I love multi-tasking and, um, what was I saying?

The three books I’m currently reading about 1) how the brain works, 2) being more effective at work and home, and 3) the discipline of getting things done, all say the same thing:  only do one thing at a time.  Phhh.  What do they know?

Actually, I think they may be on to something.  The last two weeks have been the start of school(s) and that meant both the boys high school and the seminary.  It has been a rush of info literacy, library tours, and bookmark passing out.  I guess the books are on to something, because no matter how well I plan, I feel slightly ineffective.  My blog posts have been so-so and one of the many library tours I gave consisted of me standing in the stacks and saying “All the books about God are to my right, all the books about things not related to God are to my left”.  Scarily, this seemed sufficient for the group of 14 year old freshmen to whom I was speaking.

This whole don’t-multitask-and-become-more-effective thing seems counter-intuitive to me, and pretty much for my entire generation.  We’re the same kids who have  taught ourselves to IM while watching TV, eating dinner, texting our friends and flipping through a magazine (which I caught myself doing last week).  But I’m willing to try a new phase of monotasking to ease the ever present feeling of nervous energy.  Wasn’t I the same blogger who was complaining about people needing to slow down?

So, I’m curling up for my Sunday evening and going to read about how I shouldn’t be multi-tasking.  I will try to remember that I wrote this post and report back on what I learn.  Writing it down on my brand new list of “action items”.


3 responses to “I love multi-tasking and, um, what was I saying?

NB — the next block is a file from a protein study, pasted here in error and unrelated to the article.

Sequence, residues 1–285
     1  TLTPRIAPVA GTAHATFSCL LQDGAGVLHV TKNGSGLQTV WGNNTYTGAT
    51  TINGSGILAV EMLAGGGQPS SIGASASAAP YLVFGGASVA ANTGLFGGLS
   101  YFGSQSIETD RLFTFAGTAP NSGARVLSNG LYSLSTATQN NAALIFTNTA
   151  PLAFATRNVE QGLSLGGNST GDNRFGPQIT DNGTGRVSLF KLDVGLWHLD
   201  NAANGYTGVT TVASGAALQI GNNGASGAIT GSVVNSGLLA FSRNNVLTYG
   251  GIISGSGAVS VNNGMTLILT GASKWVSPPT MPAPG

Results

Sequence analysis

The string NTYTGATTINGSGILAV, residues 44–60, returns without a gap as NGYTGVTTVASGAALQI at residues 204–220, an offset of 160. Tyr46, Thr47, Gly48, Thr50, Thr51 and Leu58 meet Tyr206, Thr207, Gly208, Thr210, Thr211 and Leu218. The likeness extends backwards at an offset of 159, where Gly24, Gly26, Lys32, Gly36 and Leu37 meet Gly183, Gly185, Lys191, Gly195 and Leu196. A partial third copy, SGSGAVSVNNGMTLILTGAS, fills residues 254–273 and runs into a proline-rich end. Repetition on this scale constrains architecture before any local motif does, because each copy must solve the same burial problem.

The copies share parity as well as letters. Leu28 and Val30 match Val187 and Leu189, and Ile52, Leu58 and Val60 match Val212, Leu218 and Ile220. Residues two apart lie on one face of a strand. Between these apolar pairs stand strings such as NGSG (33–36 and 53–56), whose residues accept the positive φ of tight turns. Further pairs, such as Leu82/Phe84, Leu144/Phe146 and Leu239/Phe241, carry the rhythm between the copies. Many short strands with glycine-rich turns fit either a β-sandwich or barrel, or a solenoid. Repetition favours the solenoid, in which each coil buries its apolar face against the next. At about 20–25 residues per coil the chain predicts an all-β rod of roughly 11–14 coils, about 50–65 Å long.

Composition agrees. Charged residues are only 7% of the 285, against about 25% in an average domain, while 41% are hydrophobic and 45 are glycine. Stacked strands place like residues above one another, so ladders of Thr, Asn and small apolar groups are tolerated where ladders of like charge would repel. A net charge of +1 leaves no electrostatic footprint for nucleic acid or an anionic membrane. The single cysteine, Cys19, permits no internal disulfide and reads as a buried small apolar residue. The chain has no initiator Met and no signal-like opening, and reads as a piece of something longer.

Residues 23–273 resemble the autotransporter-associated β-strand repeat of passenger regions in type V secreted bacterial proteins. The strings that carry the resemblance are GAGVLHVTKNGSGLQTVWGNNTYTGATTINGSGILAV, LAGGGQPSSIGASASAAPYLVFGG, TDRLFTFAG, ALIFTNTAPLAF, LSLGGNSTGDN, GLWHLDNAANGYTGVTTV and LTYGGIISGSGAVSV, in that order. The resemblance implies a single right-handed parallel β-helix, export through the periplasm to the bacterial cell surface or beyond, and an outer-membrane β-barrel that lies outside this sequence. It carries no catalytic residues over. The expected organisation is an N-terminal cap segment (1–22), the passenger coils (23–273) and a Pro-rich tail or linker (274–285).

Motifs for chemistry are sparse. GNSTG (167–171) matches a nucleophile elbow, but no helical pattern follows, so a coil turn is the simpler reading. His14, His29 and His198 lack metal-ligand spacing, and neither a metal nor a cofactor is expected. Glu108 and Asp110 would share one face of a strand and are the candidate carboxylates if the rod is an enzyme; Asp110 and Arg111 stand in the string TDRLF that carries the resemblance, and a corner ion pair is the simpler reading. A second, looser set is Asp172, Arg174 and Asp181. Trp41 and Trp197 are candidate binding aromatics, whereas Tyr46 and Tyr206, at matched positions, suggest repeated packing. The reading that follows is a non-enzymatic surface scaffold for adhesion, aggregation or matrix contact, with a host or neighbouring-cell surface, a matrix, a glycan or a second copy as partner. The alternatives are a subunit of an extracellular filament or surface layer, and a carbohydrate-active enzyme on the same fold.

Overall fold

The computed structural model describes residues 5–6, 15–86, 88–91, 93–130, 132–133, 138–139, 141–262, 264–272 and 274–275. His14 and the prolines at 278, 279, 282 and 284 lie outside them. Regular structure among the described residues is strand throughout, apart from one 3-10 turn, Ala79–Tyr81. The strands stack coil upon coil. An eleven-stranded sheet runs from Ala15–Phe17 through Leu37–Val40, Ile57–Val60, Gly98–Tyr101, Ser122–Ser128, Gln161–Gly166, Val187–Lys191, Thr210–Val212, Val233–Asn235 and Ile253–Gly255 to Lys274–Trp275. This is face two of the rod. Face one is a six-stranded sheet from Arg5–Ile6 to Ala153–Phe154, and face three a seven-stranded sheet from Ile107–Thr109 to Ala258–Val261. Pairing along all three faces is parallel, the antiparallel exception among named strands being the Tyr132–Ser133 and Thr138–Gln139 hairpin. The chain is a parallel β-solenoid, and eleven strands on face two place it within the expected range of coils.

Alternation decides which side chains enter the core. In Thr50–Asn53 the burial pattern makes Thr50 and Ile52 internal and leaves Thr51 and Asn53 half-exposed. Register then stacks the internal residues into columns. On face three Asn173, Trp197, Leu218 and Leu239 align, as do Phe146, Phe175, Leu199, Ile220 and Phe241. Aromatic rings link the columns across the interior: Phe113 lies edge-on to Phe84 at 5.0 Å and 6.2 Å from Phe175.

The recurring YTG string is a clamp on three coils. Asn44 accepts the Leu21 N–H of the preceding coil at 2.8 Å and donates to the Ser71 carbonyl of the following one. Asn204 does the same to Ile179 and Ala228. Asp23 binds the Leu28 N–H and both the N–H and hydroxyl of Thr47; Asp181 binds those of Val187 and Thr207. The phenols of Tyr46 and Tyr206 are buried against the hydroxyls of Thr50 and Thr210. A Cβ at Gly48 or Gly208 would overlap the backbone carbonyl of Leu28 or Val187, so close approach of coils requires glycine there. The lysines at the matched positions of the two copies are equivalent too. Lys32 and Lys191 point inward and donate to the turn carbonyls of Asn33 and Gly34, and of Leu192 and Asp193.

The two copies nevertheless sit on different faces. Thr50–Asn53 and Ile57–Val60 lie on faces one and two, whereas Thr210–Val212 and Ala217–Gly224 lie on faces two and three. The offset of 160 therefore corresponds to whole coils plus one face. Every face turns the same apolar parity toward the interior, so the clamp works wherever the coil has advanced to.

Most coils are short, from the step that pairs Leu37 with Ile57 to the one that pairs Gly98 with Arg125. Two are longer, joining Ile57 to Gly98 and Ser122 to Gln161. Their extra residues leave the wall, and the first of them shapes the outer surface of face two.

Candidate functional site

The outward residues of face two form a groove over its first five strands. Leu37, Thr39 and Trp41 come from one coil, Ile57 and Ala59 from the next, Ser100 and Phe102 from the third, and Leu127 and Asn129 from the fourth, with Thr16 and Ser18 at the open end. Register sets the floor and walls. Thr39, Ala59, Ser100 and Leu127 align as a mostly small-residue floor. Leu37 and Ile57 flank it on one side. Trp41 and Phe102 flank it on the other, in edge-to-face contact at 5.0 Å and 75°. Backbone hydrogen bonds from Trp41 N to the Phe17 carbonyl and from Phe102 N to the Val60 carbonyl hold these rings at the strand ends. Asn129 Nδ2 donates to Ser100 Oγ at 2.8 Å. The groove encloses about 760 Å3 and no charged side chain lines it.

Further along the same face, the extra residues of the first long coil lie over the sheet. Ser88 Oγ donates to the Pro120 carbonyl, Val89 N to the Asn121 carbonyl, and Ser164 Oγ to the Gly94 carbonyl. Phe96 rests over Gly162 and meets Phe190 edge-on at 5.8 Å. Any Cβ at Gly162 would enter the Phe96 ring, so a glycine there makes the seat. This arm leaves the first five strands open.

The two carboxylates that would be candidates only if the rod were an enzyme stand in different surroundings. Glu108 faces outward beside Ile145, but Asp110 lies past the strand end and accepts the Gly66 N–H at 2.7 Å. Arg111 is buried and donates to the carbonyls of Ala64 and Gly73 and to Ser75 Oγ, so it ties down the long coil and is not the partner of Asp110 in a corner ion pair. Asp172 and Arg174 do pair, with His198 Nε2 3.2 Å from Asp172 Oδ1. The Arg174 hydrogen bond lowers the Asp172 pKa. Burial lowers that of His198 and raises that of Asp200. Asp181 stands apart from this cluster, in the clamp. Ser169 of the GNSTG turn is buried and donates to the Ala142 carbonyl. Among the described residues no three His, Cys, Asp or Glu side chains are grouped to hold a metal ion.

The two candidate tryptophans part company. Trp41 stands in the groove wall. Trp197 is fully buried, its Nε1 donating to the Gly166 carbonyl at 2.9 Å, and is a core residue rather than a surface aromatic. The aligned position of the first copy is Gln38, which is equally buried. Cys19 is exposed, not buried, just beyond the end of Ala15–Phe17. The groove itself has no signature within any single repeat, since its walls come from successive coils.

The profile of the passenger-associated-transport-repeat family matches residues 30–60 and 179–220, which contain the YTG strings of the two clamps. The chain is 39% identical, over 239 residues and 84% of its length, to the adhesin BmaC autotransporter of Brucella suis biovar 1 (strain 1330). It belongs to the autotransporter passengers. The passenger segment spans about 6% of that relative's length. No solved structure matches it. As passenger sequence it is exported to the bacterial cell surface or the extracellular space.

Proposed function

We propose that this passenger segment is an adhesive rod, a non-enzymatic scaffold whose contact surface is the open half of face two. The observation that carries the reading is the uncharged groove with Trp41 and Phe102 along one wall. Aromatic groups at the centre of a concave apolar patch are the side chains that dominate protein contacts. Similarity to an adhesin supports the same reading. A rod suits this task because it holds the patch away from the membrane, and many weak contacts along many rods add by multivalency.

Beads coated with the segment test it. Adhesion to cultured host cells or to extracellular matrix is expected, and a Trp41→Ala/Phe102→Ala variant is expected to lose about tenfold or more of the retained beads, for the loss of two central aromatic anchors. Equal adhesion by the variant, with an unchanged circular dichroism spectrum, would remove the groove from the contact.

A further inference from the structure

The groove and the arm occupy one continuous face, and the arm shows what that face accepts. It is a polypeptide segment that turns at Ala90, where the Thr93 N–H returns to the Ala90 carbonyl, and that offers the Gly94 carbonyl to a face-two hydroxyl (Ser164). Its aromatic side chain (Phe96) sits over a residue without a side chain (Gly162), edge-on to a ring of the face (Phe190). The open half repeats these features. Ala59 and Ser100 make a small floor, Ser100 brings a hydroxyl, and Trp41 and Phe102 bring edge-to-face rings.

1. I always confuse myself when I’m going through the day’s RSS news while listening to news podcasts. My mind goes in two directions. I’m telling you, I’m gonna’ pass out due to a news overdose one day.

  2. I can walk and listen to a book on cd on my mp3 player at the same time. Other than that, when I multi-task I make mistakes. Which is all the time. Gotta go – the dryer just buzzed.

  3. Humans fill in missing details by making assumptions. That’s a good thing when it allows making a decision where a machine cannot for lack of details. Unfortunately, the devil is in the details. When multitasking, it is not only easy to lose track of some of the details in a few of the tasks, but there is often no recognition that those details have been lost. Wrong assumptions can take the place of those lost details. When it turns out that a lost detail was of importance, the result is a mistake in that task. As for walking and listening to a player at the same time, I read about a case like that a while back in the local newspaper. Not that a zombie kid is unusual, but this one made the papers by being killed by a train. An autobiography that I found useful: “Fate is the Hunter” by E. Gann. Multitasking with a dangerous task can be lethal. Sometimes what we call “accidents” are really crashes caused by fate. Beware of distracted drivers.

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